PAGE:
GUM clinics provide:

  • a clinic where you do not need to be referred by another doctor, but in some cases you may need to make an appointment;
  • confidential testing and treatment for sexually transmitted infections, including HIV;
  • medical, nursing and social support for people with HIV infection;
  • vaccination for Hepatitis B;
  • confidential advice and counselling on sexual health issues;
  • information on contraception;
  • safe keeping of your records within the department. No one, including your GP, your partner or insurance company can see them without your permission.

Notes to the editor

For further media information contact PHA Communications on (028) 9055 3663

  • 79 new first-UK HIV diagnoses were made in Northern Ireland during 2010, an increase of  20% on 2009 (66); 474 HIV-infected residents of Northern Ireland received HIV-related care during 2010, an increase of 12% on 2009 (423); 58 new diagnoses of infectious syphilis were reported during 2010, an increase of 4% on 2009 (56).

In Northern Ireland GUM clinics during 2010:

  • New STI diagnoses increased by 6%; 7,838 in 2010 compared with 7,417 in 2009.
    • New diagnoses of uncomplicated chlamydia decreased by 4%; 1,832 in 2010 compared with 1,906 in 2009.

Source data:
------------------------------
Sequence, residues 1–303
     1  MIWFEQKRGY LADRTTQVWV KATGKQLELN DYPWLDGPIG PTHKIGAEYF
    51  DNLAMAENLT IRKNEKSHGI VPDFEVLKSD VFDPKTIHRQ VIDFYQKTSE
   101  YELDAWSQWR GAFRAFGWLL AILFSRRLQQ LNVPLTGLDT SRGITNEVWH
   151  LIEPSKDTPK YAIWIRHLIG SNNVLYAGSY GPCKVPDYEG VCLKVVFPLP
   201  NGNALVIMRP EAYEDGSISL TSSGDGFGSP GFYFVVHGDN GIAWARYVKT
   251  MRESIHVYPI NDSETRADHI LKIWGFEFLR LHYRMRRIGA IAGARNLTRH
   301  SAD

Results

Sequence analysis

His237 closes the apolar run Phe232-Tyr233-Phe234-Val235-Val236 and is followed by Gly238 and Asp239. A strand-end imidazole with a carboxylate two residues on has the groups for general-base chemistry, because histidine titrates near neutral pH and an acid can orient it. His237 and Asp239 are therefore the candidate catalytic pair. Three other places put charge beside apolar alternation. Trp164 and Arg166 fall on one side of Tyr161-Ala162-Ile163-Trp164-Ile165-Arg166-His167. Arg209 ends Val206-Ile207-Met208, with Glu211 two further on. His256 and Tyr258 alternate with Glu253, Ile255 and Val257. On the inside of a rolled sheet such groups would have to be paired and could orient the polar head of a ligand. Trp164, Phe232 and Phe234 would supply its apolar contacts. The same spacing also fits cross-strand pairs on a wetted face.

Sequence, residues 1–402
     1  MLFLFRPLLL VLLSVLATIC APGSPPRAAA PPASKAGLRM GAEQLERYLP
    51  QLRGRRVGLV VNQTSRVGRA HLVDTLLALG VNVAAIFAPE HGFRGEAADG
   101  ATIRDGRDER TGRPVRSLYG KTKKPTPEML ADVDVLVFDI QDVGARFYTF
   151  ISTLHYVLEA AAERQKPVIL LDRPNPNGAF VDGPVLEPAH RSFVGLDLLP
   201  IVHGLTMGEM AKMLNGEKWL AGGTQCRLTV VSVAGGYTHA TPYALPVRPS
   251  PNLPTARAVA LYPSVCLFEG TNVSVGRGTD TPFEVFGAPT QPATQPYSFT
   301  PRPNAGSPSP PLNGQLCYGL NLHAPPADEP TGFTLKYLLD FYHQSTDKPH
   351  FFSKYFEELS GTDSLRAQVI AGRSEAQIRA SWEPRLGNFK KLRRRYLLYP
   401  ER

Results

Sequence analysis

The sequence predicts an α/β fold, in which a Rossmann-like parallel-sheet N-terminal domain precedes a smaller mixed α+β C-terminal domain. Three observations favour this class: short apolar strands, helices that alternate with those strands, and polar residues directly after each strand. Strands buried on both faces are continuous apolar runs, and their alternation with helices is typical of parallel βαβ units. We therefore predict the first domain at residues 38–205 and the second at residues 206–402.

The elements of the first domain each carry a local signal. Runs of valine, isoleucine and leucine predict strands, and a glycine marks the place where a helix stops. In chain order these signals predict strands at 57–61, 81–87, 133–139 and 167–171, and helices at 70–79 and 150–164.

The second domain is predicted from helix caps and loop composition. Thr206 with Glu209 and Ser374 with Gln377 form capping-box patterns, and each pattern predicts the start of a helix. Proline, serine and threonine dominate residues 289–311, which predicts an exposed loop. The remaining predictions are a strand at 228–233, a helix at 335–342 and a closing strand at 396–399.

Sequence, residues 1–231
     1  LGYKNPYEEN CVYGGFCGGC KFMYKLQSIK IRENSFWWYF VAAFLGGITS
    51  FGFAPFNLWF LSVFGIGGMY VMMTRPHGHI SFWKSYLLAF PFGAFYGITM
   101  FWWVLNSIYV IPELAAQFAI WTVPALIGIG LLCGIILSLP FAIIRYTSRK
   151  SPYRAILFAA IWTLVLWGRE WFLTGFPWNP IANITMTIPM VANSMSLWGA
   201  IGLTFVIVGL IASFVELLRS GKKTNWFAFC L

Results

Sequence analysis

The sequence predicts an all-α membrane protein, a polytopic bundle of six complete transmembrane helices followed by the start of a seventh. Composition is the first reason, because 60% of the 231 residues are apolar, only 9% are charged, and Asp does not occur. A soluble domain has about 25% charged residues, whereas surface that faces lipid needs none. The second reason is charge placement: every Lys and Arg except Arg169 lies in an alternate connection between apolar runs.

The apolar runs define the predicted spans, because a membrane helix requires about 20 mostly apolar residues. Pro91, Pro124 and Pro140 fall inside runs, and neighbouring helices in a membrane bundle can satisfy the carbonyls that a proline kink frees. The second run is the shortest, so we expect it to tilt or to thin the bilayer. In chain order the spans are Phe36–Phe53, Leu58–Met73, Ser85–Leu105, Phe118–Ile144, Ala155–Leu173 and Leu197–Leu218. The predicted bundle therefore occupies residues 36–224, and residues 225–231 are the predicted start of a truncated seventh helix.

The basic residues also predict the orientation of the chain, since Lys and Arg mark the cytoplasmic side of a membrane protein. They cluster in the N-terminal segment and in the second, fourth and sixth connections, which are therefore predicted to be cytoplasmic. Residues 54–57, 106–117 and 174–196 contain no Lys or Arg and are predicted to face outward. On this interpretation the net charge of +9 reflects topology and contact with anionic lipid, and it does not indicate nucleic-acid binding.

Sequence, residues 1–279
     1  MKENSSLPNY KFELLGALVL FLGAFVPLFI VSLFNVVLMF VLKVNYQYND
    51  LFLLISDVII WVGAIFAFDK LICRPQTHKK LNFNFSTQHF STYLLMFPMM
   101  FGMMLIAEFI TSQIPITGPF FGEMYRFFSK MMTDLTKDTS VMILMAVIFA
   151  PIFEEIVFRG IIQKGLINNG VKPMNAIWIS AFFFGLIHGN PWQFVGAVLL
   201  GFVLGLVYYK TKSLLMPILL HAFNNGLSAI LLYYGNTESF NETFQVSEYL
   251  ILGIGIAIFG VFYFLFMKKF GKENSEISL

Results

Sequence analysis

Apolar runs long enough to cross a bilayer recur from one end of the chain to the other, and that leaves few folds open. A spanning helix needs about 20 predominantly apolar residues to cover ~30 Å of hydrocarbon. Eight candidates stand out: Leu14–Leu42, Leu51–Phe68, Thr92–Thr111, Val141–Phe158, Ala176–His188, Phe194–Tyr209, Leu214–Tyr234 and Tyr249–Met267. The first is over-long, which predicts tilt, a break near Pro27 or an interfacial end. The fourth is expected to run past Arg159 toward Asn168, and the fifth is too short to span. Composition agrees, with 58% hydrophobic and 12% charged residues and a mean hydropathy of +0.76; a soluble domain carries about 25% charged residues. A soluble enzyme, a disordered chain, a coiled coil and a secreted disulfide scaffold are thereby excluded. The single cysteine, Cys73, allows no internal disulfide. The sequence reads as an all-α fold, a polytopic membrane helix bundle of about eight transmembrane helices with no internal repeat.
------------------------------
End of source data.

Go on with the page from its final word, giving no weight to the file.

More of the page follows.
• New diagnoses of uncomplicated gonorrhoea increased by 13%; 203 in 2010 compared with 180 in 2009.
    • New diagnoses of genital herpes simplex (first episode) increased by 18%; 410 in 2010 compared with 346 in 2009.
    • New diagnoses of genital warts (first episode) increased by 2%; 2,120 in 2010 compared with 2,086 in 2009.
    • New diagnoses of non-specific genital infection increased by 14%; 2,752 in 2010 compared with 2,406 in 2009.
  • HIV (Human Immunodeficiency Virus) is a virus that, after exposure, infects the cells of your immune system and destroys or impairs them. Your body is then less able to fight off other infections. AIDS (Acquired Immune Deficiency Syndrome) is the most advanced stage of HIV infection.
  • HIV is transmitted through contact with bodily fluids such as blood. Within Northern Ireland, most transmission occurs through unprotected sexual intercourse with an infected person. However, HIV can also be transmitted by sharing contaminated needles, and from mother to baby. There is no cure for HIV, but early treatment with highly active antiretroviral therapy (HAART) can help ensure near normal life expectancy.

References

1 HIV and STI surveillance in Northern Ireland 2011: An analysis of data for the calendar year 2010 can be found at: www.publichealthagency.org/publications/hiv-and-sti-surveillance-northern-ireland-2011-analysis-data-calendar-year-2010

2 Department of Health, Social Services and Public Safety. Introduction of human
papillomavirus vaccine into the childhood immunisation programme: announcement of vaccine to be used. 23 July 2008. Available at: www.dhsspsni.gov.uk/hss-md-24-2008.pdf